If there are any green gumballs left after the first phase (i.e. if $N_g/D_{g1}$ is greater than $100-P$% of $N_p$ divided by $D_{p1}$), then the machine enters the green-only phase for a number of rounds which we will denote by $R_2$. If there are no green gumballs left after the first phase (i.e. if $N_g/D_{g1}$ is less than or equal to $100-P$% of $N_p$ divided by $D_{p1}$) then $R_2=0$.

If the machine does enter the green-only phase, then it will do so with $N_g - (R_1 \times D_{g1})$ green gumballs. For simplicity, let us refer to this number as $N_{g2}$. If $N_{g2}/D_{g2}$ is a whole number, then $R_2=N_{g2}/D_{g2}$. Otherwise, $R_2$ is 1 greater than the largest number such that $D_{g2}$ multiplied by that number is less than $N_{g2}$.

Finally, the machine will enter the pink-only phase, for $R_3$ rounds, provided that $N_p - (R_1 \times D_{p1}) > 0$ (if that is not the case then $R_3$ will be 0), and there will be $N_p - (R_1 \times D_{p1})$ pink gumballs at the start of this round. Let us call this number $N_{p2}$ for simplicity. $R_3$ can now be calculated in the same way as $R_2$ was, replacing $g$ by $p$ throughout.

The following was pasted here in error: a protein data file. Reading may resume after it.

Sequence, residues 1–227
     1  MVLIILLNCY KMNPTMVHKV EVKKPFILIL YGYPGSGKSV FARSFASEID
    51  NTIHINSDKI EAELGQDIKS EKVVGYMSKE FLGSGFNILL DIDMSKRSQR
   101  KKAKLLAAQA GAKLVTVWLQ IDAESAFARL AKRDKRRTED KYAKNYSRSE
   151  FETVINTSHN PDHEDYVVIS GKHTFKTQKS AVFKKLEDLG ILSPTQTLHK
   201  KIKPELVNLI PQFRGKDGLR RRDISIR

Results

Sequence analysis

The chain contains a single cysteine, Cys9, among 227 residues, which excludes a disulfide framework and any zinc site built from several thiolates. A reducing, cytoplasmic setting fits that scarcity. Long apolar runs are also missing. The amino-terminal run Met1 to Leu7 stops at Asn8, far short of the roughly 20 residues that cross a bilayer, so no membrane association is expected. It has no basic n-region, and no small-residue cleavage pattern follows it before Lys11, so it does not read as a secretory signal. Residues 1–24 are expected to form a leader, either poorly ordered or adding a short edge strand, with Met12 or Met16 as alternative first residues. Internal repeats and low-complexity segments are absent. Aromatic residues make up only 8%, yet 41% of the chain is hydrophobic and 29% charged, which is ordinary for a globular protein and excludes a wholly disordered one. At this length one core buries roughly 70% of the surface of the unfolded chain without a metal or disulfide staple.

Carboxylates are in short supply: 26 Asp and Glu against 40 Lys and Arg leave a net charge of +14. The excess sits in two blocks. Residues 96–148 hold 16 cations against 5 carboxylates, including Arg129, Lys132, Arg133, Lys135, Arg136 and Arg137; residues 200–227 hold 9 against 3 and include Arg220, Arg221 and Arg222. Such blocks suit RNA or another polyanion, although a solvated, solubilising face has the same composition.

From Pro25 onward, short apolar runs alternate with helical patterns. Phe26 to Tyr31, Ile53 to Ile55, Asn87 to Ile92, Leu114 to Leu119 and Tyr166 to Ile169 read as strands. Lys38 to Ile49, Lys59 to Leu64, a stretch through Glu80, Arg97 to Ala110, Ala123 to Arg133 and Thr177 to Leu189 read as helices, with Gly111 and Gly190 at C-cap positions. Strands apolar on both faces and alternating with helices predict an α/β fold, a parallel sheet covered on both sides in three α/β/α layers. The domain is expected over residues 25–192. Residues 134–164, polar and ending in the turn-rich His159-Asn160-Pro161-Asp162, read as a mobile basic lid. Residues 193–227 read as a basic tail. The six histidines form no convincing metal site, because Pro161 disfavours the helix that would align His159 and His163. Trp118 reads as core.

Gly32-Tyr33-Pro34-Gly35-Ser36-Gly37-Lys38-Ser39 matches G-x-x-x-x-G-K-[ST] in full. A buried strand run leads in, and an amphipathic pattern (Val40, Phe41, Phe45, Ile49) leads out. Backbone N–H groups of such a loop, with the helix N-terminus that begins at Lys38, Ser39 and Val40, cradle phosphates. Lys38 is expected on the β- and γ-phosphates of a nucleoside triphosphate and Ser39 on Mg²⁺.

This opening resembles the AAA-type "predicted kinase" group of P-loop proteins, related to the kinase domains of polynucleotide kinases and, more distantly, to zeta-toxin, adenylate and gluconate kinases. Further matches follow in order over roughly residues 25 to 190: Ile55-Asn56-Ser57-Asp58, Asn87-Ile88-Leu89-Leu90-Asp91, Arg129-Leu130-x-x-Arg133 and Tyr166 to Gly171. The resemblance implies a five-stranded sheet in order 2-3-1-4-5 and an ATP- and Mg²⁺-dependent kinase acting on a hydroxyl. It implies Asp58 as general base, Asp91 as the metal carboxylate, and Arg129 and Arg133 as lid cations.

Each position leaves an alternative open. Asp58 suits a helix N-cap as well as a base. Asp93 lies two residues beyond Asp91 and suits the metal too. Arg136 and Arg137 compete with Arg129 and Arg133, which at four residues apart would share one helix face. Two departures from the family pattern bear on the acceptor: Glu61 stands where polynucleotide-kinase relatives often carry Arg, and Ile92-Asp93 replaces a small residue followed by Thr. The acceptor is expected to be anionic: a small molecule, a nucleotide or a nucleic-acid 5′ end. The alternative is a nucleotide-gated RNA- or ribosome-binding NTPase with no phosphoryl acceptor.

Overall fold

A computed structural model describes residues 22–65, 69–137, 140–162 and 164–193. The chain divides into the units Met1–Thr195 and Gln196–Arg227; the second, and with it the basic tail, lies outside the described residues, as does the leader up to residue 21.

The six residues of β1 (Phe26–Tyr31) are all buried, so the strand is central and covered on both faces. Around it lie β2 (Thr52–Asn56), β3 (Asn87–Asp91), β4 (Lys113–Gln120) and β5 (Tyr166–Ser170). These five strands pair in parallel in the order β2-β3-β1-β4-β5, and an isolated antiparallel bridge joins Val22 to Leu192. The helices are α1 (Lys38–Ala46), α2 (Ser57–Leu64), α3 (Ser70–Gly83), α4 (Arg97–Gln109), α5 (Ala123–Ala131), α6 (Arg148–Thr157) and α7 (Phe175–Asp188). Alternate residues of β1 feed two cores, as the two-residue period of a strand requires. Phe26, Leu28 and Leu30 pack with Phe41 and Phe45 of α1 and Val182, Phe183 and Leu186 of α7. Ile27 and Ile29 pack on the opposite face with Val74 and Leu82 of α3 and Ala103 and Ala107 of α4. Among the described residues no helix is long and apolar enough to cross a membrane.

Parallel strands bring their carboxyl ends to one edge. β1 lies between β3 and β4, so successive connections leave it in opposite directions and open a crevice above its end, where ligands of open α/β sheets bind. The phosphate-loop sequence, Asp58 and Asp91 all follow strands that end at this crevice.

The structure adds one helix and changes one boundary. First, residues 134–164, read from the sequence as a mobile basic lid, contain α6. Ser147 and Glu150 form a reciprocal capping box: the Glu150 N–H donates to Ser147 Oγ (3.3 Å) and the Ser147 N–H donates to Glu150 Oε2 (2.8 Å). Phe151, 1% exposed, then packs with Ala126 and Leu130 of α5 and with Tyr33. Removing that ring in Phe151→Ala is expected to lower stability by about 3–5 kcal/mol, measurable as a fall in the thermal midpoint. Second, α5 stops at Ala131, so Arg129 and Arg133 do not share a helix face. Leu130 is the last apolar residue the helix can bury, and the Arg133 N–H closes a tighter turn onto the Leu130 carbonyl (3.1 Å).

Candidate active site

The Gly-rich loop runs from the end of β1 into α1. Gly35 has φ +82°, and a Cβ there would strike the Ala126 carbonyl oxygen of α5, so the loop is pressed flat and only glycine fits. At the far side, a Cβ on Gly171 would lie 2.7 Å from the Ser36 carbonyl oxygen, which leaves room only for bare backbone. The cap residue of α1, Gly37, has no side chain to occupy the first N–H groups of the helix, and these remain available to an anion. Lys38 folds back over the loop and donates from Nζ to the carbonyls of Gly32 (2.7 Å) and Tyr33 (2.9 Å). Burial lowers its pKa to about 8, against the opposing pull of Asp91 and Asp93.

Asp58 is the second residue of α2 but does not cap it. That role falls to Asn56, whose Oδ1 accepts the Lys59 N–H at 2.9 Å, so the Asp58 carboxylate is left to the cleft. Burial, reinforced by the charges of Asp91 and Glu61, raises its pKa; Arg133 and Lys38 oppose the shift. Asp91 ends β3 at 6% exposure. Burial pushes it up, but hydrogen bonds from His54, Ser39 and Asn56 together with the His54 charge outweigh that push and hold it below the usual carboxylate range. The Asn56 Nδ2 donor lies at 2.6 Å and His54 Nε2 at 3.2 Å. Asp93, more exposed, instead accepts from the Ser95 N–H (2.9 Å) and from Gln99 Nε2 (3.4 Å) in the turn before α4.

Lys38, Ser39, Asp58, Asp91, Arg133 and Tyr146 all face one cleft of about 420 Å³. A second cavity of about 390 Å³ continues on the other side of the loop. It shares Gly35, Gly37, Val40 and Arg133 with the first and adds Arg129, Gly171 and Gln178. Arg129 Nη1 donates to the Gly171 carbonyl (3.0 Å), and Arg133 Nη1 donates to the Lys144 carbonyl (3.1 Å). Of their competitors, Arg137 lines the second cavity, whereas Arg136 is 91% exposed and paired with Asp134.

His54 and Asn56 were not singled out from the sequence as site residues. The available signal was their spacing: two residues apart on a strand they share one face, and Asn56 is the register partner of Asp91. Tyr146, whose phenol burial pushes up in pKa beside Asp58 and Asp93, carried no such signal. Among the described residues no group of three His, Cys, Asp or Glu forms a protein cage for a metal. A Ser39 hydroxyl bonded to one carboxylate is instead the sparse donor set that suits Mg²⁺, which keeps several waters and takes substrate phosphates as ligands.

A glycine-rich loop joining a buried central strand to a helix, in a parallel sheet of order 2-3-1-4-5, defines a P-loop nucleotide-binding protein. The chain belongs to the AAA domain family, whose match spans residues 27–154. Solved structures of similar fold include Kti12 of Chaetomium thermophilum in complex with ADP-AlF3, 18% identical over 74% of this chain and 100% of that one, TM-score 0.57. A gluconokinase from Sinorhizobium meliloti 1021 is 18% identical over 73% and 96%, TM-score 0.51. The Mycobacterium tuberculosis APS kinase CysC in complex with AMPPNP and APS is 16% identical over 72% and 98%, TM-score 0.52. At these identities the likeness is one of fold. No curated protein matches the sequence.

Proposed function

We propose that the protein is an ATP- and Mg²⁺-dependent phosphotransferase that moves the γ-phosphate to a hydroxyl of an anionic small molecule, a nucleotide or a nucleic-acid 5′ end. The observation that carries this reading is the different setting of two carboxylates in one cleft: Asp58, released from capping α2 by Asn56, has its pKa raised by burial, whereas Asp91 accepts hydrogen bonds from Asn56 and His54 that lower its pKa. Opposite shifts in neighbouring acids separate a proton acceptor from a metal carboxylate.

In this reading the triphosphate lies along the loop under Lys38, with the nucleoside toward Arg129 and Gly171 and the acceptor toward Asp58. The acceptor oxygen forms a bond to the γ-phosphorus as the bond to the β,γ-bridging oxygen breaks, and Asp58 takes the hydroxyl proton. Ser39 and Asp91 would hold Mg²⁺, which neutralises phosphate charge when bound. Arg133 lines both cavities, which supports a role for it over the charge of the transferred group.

The total number of pennies is then given by $R_1+R_2+R_3$.

3) and 4)

The price that you pay for the gumballs has no bearing on the dial-setting strategy. This is because throughout we have been assuming that the customer (or a steady stream of different customers) will keep inserting pennies regardless of how attractive to them the offer of a certain number of gumballs of a certain colour or colours is. Unlike in the real world, the fact that pink gumballs cost you twice as much as green gumballs do has no implications for how you should price them in the machine, because you don't have to worry that the customers won't go for inferior green gumballs offered at the same price as the pink ones, and you can just go ahead and set the $D_{p2}$ and $D_{g2}$ both to 1, and $P$ to 100, so that the machine enters the green-only phase right from the beginning, followed by the pink-only phase, and only ever dispenses one gumball for a penny; it does not matter what you set $D_{p1}$ and $D_{g1}$ to since these dials will never come into play. (This must be the strategy that maximises your revenue, since each turn must dispense at least one gumball, so there is no room for improvement.)